So last week during the Republican debate, hundreds of thousands of people read your tweets lambasting four of the candidates — Gov. Chris Christie, former Gov. Mike Huckabee and Senators Marco Rubio and Ted Cruz — for expressing their strong support for Israel. Based not just on what you said but also on how you said it (e.g. “How many f—-ing Jews do these people think there are in the United States?”) quite a few of those readers have now concluded that you’re anti-Semitic.
Let me sum up, in one paragraph, what I think I know about anti-Semitism: It’s as old as the Judean Hills. It morphs but never dies. It’s a derangement syndrome. It can afflict those on either side of the political spectrum. Those afflicted cannot be reasoned out of it because they weren’t reasoned into it.
Look, I’m not jumping to the conclusion that any of this applies to you. I get that you’re as much an entertainer as a pundit and that being provocative is part of your shtick. That said, would you ever tweet about “f—-ing blacks” or “f—-ing Hispanics”?
OK, let’s put all that aside and focus on what you now say you intended: to charge that the candidates were declaring their unshakeable support for Israel only to pander to American Jews. Will you bear with me while I raise a few points that challenge your conclusion?
“No better friend, no worse enemy” — that ancient motto, I would argue, describes how the world should regard the United States. But President Obama has spent years attempting to conciliate America’s enemies while demonstrating disdain for America’s allies. Remember the bust of Churchill he removed from the White House? Remember the missile shield for Poland and the Czech Republic he canceled? The Kurds have been asking for weapons as good as those being used by their enemies (who also are our enemies) but Mr. Obama has refused.
And, most recently and significantly, he concluded a deal that will facilitate the flow of billions of dollars and sophisticated arms to the Islamic Republic of Iran — a terrorist-sponsoring regime dedicated to a global revolution against American power, a regime responsible for killing and maiming thousands of Americans over the past 36 years, a regime that controls four Arab capitals and has vowed to annihilate Israel.
Mr. Obama claims his deal will block Iran’s path to nuclear weapons. He seems to believe it will inspire a more moderate mood in Tehran. Polls show most Americans are unconvinced as is a majority in both houses of Congress.
Perhaps you figure Iran’s rulers want nukes only to use against Israel and, unfortunate as that would be, it’s an Israeli problem, not an American problem. What, then, do you make of their efforts to build ICBMs? They don’t need ICBMs to mass-murder Israelis. They need ICBMs to deliver nukes to targets on other continents. Like the one you and I live on.
Those who call themselves “jihadis” — Shia and Sunni alike — are right about one thing: Israel is the Middle East’s lone outpost of Judeo-Christian values. Israelis believe in democracy, freedom, pluralism, tolerance, human rights and minority rights. About 17 percent of Israel’s citizens are Muslims. They enjoy rights not available to Muslims in any Muslim-majority lands.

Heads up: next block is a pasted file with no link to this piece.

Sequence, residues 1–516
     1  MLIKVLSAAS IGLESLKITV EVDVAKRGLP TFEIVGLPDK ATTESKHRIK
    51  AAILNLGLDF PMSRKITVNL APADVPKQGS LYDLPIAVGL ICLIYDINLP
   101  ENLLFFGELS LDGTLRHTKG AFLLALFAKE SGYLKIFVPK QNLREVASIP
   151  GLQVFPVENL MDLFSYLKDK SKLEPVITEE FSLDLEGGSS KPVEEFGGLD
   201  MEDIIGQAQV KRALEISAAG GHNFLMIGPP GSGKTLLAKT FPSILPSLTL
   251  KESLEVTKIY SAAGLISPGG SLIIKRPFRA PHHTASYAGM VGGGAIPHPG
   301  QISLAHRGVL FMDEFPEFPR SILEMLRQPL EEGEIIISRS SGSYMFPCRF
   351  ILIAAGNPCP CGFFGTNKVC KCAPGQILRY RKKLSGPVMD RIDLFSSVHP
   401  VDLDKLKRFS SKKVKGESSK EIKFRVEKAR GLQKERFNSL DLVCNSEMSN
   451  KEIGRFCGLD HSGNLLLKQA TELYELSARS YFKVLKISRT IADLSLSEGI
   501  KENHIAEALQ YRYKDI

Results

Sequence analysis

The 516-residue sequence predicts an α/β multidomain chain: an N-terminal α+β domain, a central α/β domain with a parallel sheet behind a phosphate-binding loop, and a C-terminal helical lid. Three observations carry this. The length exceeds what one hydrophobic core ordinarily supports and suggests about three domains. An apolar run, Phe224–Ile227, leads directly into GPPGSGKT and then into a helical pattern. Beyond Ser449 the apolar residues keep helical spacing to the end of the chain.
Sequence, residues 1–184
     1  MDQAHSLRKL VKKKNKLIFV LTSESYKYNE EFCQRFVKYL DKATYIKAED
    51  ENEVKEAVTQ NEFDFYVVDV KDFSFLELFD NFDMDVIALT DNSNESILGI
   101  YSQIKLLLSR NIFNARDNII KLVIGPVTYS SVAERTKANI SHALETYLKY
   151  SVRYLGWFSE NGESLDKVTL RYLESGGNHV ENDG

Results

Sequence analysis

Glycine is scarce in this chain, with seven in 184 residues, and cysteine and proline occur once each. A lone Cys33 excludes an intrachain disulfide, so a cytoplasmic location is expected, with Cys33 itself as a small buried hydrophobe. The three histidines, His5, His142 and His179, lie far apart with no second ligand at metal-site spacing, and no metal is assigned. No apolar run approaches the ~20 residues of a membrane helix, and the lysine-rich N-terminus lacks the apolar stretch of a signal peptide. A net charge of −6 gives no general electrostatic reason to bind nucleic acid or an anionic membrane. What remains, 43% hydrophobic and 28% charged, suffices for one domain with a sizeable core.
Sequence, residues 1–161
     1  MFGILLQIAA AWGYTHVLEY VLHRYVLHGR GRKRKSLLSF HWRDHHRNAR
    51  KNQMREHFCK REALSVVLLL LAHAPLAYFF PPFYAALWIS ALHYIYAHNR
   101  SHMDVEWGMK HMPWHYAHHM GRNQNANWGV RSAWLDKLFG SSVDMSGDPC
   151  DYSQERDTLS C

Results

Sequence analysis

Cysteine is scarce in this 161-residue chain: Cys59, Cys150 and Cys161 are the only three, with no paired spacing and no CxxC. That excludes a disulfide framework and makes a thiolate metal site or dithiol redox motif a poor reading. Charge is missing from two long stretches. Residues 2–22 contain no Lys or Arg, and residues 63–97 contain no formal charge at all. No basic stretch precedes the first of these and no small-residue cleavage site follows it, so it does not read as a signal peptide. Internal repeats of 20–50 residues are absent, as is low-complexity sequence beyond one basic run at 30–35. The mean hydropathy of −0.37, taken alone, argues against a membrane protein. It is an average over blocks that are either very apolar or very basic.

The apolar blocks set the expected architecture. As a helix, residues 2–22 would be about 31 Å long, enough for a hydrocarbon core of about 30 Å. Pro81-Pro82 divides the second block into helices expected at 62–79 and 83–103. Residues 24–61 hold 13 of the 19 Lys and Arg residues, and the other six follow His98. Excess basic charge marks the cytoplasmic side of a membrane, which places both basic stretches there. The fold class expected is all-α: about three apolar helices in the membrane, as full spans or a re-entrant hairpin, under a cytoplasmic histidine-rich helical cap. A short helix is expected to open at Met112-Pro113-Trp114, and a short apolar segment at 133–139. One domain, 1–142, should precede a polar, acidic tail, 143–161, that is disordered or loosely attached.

And at a time when ancient Christian communities are being slaughtered in — and eradicated from — many of those Muslim lands, Christians in the Jewish state are safe and free. Their numbers are growing. Their holy places are protected. This would not be the case were the jihadis to drive Israel’s “f—-ing Jews” into the sea. You get that, don’t you?
When jihadis vow to defeat “Crusaders and Zionists,” it is Christians and Jews they are talking about. They refer to America as the “Great Satan” and Israel as the “Little Satan.” Their struggle is both ideological and kinetic and it is the most significant of this century. Israelis are on the front lines. Front-line troops deserve support, don’t you think?
Years ago, Secretary of State Alexander Haig put it slightly differently. He called Israel “the largest American aircraft carrier in the world that cannot be sunk, does not carry even one American soldier, and is located in a critical region for American national security.” In partnership with Americans, Israelis are doing cutting-edge work in such critical areas as missile defense, cyber warfare, port and airport security and intelligence.
Israelis have never asked American soldiers to defend them — they would not want that. They would, however, like Americans to support their right to defend themselves. Most Americans do. I assume you do, too.
I’m running out of space so here’s my last point for today: George Gilder, as I hope you’ll agree, is one of contemporary America’s most brilliant conservative minds. (And, as you probably know, he doesn’t happen to be Jewish.) A few years back he wrote a book called “The Israel Test.” His straightforward conclusion: Israel is “the most vulnerable source of Western power and intelligence.”
More to the point, Israel is “not only the canary in the coal mine — it is also a crucial part of the mine.” If Americans will not defend Israel, they will “prove unable to defend anything else. The Israel test is finally our own test of survival as a free nation.”
I think most of the candidates on the stage last week understand how Mr. Gilder reached that conclusion. You clearly don’t but you’re smart enough to follow Mr. Gilder’s reasoning. Unless this is not about reason. Unless this is about something else. In which case, no words or argumentation will convince you.
• Clifford D. May is president of the Foundation for Defense of Democracies and a columnist for The Washington Times.
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